My mom died around midnight September 30. But she had been having heart problems for years. I remember coming home from college in 1981 and she was wearing a Holter monitor because of an irregular heart beat. She had her first heart attack in 1997. When I heard the news, I was peeling apples for an apple pie. I fell to my knees and sobbed, still clutching the peeler. She described it all as an adventure, and told me that she had always wanted to be pushed down a hospital corridor at full speed on a gurney, watching the lights in the ceiling slide by.
Her health slowly declined. She had a second heart attack in 2011. Her world got smaller, but her attitude never did. She made art of all kinds.
She visited her "shut ins" even though she herself was older than some of them. She loved meeting new people, and still took walks in the historic cemetery in our neighborhood. She knew everyone who walked, ran, or smoked pot there. I remember when I was there in June. She was so weak - her heart was working at about 25% capacity - that she had to sit on the nearest tombstone and didn't think she could go any farther than 20 yards from the entrance. But then a woman with a dog came walking by. Mom had never seen her before, so of course she greeted her and asked all about her life. Meanwhile the dog had gotten down on its belly and was whining, looking right at mom. Finally the woman said, "This is so strange. My dog never does this, but she really wants to come to you." The dog crawled over to mom and rolled over while mom petted her.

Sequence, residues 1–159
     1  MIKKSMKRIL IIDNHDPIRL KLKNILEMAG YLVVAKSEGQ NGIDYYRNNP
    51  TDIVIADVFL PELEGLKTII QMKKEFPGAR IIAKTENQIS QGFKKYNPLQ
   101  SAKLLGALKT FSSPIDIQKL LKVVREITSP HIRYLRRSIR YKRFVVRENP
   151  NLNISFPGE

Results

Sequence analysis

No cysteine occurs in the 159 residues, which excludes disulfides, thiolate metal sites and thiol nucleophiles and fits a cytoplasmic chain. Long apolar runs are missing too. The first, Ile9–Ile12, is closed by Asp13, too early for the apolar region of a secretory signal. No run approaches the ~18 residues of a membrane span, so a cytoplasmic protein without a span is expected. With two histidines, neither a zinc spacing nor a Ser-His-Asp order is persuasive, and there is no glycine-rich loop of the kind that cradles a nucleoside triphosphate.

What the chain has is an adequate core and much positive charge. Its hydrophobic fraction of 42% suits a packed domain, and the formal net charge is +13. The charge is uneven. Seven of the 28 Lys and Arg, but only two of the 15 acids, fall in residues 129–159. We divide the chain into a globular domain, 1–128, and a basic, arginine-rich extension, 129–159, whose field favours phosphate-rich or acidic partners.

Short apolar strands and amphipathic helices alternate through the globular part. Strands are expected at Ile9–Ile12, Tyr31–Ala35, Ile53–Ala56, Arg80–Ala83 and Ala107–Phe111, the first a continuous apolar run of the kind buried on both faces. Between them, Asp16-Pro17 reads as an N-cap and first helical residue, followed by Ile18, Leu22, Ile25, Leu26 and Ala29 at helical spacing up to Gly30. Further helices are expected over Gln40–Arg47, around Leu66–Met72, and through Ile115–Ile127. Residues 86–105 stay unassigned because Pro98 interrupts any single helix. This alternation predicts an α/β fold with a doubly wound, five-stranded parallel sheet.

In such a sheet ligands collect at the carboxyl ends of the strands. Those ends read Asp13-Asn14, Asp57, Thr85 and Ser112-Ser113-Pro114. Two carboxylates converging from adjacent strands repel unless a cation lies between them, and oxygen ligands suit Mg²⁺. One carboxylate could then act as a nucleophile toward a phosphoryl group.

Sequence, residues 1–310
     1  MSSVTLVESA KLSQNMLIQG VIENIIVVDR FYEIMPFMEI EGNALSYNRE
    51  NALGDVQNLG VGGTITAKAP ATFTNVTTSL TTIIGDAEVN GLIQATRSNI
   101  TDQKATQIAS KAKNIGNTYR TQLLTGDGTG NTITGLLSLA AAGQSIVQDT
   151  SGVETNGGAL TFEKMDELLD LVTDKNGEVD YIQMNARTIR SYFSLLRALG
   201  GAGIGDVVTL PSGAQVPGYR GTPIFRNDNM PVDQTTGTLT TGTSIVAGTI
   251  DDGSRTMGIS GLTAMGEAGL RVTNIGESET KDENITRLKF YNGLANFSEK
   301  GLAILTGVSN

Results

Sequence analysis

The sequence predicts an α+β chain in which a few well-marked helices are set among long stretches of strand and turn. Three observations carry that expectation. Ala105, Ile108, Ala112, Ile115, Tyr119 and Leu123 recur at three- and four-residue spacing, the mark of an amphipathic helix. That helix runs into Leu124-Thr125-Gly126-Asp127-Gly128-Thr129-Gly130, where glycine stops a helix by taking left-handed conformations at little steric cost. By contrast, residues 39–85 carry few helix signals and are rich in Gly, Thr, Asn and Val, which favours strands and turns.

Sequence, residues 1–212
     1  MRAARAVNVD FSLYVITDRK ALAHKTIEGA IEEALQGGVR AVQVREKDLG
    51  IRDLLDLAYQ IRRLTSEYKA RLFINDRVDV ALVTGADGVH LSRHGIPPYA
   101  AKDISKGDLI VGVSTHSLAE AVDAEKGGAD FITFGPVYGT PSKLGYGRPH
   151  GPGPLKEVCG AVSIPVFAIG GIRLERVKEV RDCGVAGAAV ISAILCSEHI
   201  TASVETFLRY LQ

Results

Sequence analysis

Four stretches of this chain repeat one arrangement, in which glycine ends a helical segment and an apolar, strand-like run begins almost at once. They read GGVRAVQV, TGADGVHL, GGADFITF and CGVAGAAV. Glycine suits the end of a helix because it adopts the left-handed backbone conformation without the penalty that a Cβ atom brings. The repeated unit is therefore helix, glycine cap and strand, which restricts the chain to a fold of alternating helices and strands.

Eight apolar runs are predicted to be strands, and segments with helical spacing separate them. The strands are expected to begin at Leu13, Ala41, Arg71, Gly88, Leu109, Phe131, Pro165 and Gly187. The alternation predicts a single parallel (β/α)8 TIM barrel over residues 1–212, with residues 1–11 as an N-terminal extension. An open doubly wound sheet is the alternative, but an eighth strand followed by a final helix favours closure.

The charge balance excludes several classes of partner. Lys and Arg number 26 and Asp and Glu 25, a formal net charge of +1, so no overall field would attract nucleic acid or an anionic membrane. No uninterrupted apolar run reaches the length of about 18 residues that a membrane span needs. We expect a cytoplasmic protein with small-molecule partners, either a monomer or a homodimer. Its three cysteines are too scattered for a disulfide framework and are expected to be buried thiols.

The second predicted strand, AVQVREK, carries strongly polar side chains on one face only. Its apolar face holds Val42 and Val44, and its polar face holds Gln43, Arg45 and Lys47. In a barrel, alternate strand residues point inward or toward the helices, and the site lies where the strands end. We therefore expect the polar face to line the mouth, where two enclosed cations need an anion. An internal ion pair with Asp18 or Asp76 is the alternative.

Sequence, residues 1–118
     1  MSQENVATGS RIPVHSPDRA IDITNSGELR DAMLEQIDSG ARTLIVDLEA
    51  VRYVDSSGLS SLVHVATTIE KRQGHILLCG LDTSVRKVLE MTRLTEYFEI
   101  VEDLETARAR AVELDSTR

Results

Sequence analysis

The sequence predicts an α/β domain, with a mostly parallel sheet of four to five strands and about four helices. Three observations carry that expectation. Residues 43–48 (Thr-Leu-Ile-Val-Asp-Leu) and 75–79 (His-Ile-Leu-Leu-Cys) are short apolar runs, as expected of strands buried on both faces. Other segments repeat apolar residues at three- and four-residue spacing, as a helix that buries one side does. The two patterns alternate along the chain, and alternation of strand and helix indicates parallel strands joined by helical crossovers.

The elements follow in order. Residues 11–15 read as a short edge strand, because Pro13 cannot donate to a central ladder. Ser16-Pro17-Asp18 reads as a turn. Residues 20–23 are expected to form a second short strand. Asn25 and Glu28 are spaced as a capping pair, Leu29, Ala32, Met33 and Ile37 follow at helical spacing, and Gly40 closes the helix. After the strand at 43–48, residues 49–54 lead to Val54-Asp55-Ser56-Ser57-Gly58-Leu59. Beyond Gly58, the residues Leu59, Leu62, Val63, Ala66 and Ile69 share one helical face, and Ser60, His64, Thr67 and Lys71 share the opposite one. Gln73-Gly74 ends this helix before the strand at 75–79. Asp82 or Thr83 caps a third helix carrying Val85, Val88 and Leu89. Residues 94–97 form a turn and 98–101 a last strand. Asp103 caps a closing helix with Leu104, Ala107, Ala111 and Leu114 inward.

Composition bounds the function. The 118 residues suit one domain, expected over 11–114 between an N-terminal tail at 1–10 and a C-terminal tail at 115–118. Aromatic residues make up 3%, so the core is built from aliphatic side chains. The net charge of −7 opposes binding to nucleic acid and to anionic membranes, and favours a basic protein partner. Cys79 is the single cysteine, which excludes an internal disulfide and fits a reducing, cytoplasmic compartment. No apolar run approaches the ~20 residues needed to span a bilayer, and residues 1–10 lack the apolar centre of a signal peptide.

By the time she had found out all about the young woman's life, she had gotten her energy back, so we walked al little further. When we stated down a hill, we saw some creepy homeless-looking guys riding kid's bikes. One blew his nose in the dirt. I was disgusted, and worried yet ready to defend my mom from these guys.
While I was thinking all this, Mom was calling out, "Kenny!!" They hugged and grinned at each other. And Kenny was introducing her to the other guy as his friend Nora. He looked like a meth addict or an ex-addict, with missing front teeth and a bad sunburn. It was clear he loved my mom and my mom loved him.
For years, my mom has been dying on the installment plan. She was ready to die. We were ready for her to die. There was nothing unsettled, nothing unsaid. She thought it was funny when her fortune said, "You will soon change your present line of work" and kept it. When I took care of her while she was on hospice, she told the nurse, "Last night my heart was chattering like a magpie, and I thought 'Whee!'" She was disappointed that it hadn't happened. And then it did.
My dad died in 2003, but he had Alzheimers, and by the time he wasn't himself. In 2011 I lost three good friends to cancer. I've never lost a husband or a child.
This has hurt way more than I ever thought it would. I am so glad I had her in my life. I tell myself that you can't expect to have your mom forever. And I didn't! But it still hurts.